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And without saying another word, Musial stepped back into the batter's box and doubled to the same spot in rightfield. This time it was called fair. The Cardinals rallied and won the game.
MUSIAL WAS FAMOUS FOR SIGNING autographs. So many Musial stories revolve around his seemingly boundless willingness to give people his signature. The old Cardinals announcer Harry Caray used to tell a story of a Sunday doubleheader in the St. Louis heat and humidity. Musial played both games, of course—in the 11 seasons after he returned from World War II, Musial averaged 153½ games per 154-game season. And after the nightcap, Caray said, Musial looked as if he had been through a prizefight.
When the second game ended, Musial stumbled out to the parking lot. He barely looked strong enough to stand. And there, at his car, he found dozens of fans waiting, hoping, shouting, "Stan! Stan the Man!" Caray turned to the person next to him and said, "Watch this." And together they watched Stan Musial walk up to the group and shout out his trademark "Whaddya say! Whaddya say! Whaddya say!" And he signed every single autograph.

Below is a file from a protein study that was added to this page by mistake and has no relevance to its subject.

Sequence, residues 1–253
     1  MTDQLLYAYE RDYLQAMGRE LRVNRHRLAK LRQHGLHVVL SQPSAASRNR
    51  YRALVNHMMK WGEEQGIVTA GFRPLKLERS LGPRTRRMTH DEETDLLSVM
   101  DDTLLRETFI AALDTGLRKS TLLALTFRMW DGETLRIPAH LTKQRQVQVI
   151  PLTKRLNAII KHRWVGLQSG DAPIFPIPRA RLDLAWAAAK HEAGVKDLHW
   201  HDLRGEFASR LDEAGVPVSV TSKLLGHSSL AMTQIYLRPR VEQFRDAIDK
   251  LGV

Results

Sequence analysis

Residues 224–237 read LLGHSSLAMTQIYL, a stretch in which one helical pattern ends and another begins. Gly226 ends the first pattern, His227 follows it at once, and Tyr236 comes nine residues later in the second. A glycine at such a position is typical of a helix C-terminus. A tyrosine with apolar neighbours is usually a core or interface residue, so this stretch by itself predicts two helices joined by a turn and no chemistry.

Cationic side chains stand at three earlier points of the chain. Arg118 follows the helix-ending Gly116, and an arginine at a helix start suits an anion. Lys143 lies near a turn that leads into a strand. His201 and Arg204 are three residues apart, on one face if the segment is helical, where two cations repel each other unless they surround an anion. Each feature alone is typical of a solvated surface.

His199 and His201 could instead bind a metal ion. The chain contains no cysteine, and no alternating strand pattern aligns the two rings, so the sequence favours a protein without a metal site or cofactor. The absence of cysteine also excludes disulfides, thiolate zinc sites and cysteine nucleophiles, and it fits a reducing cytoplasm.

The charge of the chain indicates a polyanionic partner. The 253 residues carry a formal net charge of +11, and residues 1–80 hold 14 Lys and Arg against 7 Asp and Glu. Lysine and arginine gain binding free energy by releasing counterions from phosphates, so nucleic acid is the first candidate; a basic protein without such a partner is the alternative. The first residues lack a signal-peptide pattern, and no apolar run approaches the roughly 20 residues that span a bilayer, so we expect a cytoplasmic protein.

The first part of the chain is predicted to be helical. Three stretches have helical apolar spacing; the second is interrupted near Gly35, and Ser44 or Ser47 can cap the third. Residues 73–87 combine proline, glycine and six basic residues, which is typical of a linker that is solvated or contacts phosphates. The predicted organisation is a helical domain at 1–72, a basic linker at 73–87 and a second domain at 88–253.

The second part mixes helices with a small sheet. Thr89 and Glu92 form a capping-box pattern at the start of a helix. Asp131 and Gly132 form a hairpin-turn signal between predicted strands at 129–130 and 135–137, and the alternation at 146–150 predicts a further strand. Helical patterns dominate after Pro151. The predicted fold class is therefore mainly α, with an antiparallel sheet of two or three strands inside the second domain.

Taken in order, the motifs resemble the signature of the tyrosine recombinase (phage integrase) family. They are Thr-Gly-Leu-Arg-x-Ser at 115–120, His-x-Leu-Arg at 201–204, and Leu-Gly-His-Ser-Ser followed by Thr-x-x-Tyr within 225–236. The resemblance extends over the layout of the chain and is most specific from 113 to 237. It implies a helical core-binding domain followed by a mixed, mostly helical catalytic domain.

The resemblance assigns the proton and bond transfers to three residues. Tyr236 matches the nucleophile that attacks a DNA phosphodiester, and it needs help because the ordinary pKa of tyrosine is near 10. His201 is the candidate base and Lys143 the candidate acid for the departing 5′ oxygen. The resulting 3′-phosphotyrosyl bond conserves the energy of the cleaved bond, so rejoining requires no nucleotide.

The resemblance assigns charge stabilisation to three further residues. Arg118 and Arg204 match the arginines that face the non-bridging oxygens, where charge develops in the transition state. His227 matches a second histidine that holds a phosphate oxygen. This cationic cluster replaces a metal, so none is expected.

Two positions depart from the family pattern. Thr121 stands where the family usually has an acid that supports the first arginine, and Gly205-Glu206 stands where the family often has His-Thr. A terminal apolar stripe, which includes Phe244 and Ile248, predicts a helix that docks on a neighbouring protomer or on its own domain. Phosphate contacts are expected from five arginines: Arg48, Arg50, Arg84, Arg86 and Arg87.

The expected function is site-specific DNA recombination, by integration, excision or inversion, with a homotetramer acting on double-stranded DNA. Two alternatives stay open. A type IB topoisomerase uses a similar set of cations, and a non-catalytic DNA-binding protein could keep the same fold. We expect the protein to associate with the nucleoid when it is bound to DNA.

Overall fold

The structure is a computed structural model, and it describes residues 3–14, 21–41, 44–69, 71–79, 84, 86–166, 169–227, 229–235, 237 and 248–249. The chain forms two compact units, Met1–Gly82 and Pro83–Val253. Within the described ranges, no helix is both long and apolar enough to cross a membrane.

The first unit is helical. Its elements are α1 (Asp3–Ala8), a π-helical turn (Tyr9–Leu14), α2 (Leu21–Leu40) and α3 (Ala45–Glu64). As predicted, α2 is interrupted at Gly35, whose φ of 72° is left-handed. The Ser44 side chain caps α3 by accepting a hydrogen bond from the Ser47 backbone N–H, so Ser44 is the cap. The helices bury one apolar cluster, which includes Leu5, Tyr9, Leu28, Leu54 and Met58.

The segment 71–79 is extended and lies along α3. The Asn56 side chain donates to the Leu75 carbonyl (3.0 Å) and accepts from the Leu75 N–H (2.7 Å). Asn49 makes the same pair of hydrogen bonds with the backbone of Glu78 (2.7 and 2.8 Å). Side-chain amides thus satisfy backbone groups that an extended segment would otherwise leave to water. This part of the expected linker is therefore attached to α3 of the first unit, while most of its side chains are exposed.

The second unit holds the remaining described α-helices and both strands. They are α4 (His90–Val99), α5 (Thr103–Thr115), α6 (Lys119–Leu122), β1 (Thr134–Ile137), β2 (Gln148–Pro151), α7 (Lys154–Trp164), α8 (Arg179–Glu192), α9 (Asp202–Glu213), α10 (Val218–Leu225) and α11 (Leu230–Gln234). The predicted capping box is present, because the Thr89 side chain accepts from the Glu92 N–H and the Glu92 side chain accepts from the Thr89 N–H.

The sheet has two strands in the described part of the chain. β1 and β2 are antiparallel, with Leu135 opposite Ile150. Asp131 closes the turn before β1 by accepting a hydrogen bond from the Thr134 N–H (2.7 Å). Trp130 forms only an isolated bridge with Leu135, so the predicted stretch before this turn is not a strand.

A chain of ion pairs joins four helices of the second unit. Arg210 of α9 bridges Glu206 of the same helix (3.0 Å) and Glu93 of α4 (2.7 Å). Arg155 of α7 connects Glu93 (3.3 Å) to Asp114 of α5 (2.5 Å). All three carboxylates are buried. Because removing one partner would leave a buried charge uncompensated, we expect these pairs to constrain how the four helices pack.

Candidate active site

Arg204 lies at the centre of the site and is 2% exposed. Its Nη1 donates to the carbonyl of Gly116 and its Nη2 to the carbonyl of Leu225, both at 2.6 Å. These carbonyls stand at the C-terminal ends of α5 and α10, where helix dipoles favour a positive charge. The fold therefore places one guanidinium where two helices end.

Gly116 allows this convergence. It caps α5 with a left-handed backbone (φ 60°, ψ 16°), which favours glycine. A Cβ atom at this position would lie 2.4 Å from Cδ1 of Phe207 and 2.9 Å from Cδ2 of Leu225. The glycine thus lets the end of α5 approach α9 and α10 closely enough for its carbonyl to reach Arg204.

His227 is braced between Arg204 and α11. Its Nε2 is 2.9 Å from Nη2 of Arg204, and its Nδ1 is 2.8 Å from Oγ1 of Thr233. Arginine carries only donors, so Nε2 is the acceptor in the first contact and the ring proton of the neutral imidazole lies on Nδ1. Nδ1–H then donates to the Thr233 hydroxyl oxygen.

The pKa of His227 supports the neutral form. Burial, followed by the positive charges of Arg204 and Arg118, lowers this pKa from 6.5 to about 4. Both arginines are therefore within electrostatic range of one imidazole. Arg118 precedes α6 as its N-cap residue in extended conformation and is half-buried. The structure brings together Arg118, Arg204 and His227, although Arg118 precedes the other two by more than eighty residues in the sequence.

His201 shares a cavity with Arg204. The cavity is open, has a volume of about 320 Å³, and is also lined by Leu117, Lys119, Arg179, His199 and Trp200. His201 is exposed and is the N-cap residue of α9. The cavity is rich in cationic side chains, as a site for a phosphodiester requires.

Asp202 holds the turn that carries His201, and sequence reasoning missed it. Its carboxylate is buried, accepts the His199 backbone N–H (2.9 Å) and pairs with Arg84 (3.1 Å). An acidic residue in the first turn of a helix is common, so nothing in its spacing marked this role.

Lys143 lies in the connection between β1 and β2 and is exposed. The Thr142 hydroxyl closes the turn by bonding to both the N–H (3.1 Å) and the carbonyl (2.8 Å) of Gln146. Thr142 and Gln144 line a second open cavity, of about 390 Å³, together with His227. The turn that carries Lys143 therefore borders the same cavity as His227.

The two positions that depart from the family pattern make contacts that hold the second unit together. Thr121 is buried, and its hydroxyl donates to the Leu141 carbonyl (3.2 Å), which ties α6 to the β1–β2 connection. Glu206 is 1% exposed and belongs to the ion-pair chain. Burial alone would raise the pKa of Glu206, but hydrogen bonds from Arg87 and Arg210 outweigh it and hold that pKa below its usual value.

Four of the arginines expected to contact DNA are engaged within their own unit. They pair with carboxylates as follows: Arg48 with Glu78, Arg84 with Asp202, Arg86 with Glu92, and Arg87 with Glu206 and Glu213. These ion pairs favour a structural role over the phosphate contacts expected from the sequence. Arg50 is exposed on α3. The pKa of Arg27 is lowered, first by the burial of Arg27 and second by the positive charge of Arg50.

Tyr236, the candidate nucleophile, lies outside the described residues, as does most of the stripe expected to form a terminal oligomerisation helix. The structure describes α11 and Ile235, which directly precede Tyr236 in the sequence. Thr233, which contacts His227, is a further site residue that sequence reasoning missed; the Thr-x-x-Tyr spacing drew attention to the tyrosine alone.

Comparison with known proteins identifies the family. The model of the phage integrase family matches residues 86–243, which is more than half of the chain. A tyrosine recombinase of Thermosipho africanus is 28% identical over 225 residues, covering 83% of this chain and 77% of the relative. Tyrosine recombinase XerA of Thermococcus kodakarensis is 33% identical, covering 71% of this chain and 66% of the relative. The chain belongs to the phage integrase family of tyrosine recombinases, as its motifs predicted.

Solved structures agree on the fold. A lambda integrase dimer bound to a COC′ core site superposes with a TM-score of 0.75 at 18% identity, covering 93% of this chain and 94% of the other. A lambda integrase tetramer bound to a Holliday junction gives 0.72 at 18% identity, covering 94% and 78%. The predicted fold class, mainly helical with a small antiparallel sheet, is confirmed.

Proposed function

Musial grew up the fifth of six kids in a five-room house in Donora, Pa., a hardscrabble town built around the U.S. Steel Zinc Works factory that pumped black smoke into the sky. Musial would always believe that that black smoke killed his father, Lukasz, a zinc worker who died in 1948. Stan himself worked at the Zinc Works one summer—just long enough to know he never wanted to work there again. Our games overflow with athletes who feel lucky and blessed because they escaped the hard destiny that seemed inescapable when they were young. But it's as though Musial felt luckier and more blessed, as though he spent every waking moment fully aware of the good fortune in his life.
Sometimes when he was out with his wife, Lil, people would ask for autographs at inopportune times, and Lil would suggest he politely decline. "These are my fans," Stan would say, lovingly but firmly, and sign them all. Teammates used to bet each other how often they would hear Musial use the word wonderful on any given day.
STAN MUSIAL NEVER LED THE LEAGUE in home runs. He came close once—that was in his epic 1948 season, when he was one home run short of becoming the only man in baseball history to lead his league in batting, runs, hits, doubles, triples, homers and RBIs. To this day Musial fans will tell you he lost that home run in an August rainout in Brooklyn, though nobody knows for sure.
Anyway, that's just legend. Musial's career was defiantly about what is real. He never led the league in home runs, but he led the league in doubles eight times and triples five. That was real. Musial broke hard out of the batter's box day after day, game after game. Dodgers pitcher Carl Erskine often said that his strategy for pitching to Musial was to throw his best stuff and then back up third base.
Musial never struck out 50 times in a season. That was real. "I could have rolled the ball up there to Musial," another Dodgers great, Don Newcombe, says, "and he would have pulled out a golf club and hit it out."